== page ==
16 January, 2019
Power Generation Turbine Rotor Stands
In 2017 a master energy provider undertook routine maintenance at one of Queensland’s largest power stations. This work involved conducting inspections of and overhauling the rotors from within gas turbines.
Each rotor weighs between 30 and 60 tonnes and in order to safely move and seat the rotors above ground to allow for inspection and maintenance work, the client required lifting beams and two types of stands: transport stands and static stands.
Transport stands are placed onto flatbed trucks and used to move the rotors within the facility to where the works can be completed.
The rotors are then placed on static stands to give maintenance workers a way to easily access all parts of the rotor.
The client engaged Practical Engineering to inspect and certify these lifting beams and stands to ensure the rotor inspection works could be conducted safely.
1) Lifting beam arrangements
Practical conducted a range of tests on the lifting beams including FEA (fine element analysis), physical load tests using hydraulic test rigs to simulate the load and test the load on the relevant points, and magnetic particle inspection (NDT – non-destructive testing) to determine if there was any cracks in the welds or any fatigue throughout the beam.
If any elements of the testing revealed that the beams did not meet the relevant standards, Practical refurbished the welds to ensure they were able to be certified.
All beams were then blasted, repainted and returned to the client.
2) Transport stands
The stands were assessed based on how the rotors would seat within them during transport and the transport tie downs were also inspected.
Once at an acceptable standard, these stands were also blasted and repainted before being returned to the client.
The client also required a second set of transport stands to be fabricated. Without access to the original manufacturing specifications, the Practical Engineering team reverse engineered the stands to determine what materials were originally used before fabricating, testing and certifying a new set of stands.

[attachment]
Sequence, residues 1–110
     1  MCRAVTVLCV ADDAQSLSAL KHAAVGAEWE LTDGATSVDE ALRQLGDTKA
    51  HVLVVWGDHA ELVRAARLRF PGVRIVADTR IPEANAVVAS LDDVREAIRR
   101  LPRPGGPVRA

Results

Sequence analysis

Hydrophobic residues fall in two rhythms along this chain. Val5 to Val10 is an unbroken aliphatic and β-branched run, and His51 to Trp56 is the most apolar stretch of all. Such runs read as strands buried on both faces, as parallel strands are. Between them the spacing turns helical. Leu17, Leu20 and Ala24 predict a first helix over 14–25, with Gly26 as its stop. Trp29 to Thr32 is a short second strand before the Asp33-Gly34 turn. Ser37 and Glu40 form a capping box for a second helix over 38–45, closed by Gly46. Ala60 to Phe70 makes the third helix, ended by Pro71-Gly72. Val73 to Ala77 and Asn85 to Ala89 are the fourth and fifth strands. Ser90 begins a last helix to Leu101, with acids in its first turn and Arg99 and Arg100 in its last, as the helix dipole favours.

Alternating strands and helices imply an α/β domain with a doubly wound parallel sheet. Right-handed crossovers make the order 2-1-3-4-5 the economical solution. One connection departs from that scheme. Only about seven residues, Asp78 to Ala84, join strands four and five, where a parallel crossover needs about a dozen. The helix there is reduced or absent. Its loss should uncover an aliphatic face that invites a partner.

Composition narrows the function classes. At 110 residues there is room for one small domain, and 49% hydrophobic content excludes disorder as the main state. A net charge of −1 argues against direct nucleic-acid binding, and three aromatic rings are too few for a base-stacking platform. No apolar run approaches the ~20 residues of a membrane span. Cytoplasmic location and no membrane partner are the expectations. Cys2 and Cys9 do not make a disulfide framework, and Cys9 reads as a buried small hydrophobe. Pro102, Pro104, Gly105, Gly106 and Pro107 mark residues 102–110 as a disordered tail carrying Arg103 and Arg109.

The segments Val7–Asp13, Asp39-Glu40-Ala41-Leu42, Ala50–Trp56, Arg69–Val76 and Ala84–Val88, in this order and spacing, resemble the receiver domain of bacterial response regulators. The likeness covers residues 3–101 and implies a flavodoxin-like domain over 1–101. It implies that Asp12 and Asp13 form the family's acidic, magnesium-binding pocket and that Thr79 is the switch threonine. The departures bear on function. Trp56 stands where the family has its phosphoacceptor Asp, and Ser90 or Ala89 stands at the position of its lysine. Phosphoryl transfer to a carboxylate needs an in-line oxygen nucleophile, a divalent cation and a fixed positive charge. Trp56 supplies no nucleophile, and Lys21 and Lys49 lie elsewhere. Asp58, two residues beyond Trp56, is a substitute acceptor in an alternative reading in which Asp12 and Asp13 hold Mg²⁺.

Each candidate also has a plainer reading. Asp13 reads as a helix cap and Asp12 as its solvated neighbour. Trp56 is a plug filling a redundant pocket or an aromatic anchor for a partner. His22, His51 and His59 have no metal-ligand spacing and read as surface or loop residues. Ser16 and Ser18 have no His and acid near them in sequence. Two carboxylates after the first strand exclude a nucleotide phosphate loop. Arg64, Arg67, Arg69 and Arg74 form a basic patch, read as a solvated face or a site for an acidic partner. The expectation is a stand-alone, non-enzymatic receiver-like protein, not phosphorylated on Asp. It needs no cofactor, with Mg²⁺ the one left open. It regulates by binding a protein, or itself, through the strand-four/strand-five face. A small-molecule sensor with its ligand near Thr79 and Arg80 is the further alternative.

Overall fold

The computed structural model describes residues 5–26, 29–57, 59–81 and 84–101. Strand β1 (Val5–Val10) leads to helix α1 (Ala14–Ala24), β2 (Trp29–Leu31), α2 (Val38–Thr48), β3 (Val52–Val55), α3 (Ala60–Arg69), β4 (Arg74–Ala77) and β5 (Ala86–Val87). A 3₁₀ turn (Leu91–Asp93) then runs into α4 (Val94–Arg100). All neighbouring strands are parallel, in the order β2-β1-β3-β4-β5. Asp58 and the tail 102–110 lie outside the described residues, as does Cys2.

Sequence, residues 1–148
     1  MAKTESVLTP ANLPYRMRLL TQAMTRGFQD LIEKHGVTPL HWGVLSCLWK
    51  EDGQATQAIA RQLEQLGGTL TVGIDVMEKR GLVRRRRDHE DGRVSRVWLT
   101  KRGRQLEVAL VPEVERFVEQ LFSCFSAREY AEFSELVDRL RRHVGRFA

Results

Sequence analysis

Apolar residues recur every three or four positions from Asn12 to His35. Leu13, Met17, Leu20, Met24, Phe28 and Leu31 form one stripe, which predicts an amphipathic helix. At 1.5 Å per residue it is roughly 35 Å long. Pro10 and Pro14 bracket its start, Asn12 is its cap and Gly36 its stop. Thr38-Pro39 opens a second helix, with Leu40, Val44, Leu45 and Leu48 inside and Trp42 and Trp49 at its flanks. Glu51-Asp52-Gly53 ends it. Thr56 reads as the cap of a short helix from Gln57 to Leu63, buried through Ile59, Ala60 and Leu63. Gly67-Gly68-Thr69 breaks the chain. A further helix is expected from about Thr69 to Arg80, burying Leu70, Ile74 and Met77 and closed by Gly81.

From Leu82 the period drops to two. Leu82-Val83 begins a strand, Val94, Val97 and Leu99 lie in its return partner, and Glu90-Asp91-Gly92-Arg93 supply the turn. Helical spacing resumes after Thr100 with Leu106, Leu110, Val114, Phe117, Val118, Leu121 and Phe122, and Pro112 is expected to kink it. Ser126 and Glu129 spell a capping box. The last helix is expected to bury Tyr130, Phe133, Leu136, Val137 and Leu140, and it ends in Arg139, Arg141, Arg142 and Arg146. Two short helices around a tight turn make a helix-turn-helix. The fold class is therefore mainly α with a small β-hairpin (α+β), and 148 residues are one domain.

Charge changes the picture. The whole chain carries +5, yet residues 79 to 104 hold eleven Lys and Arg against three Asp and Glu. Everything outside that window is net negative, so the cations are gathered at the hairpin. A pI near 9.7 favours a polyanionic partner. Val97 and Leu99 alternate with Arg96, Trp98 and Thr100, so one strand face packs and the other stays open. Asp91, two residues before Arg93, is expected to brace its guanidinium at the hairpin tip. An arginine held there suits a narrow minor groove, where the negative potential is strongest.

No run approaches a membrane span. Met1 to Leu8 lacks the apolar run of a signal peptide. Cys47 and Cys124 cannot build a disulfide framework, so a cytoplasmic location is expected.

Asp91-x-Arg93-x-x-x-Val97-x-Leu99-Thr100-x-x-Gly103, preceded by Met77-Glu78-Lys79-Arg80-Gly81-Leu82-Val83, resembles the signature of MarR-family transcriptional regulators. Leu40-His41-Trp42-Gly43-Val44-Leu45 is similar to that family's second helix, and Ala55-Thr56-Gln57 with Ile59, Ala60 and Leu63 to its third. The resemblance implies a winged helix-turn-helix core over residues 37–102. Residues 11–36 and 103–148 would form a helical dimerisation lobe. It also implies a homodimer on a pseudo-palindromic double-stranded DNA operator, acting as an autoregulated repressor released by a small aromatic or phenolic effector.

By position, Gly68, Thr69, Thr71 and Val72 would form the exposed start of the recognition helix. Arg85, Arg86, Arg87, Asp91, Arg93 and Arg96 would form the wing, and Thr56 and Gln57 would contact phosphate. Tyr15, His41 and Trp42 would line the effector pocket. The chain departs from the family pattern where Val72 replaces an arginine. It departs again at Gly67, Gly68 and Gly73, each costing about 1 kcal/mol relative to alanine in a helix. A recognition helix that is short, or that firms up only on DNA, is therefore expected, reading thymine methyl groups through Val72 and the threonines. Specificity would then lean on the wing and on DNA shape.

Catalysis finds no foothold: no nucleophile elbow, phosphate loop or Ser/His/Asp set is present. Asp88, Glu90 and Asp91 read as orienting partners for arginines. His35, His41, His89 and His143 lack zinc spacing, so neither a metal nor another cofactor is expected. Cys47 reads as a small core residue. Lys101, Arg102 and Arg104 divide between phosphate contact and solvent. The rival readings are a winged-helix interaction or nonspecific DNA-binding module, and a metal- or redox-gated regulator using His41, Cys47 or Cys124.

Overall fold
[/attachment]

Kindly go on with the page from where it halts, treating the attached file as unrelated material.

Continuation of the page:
3) A range of static stands
These static stands were also inspected using the full range of tests and blasted, repainted and returned to their respective power stations.
Business Development Manager, Nigel Kruger states, “some stands were not originally manufactured to hold the rotors, so extensive engineering analysis was required to ensure that the rotors would sit fully supported within the v-block and that the rotor fins would not touch the ground.”
This kind of specialised testing and analysis fits well within Practical’s capabilities. We excel at a wide range of inspections and testing and have the capacity to conduct complex engineering analyses for our clients. Our people hold Registered Professional Engineer of Queensland (RPEQ) and Chartered Professional Engineer (CPEng) qualifications and are registered with the National Engineering Register (NER). Email firstname.lastname@example.org or call 07 3875 2133 to find out how the Practical team can assist you with inspections, testing and certification.
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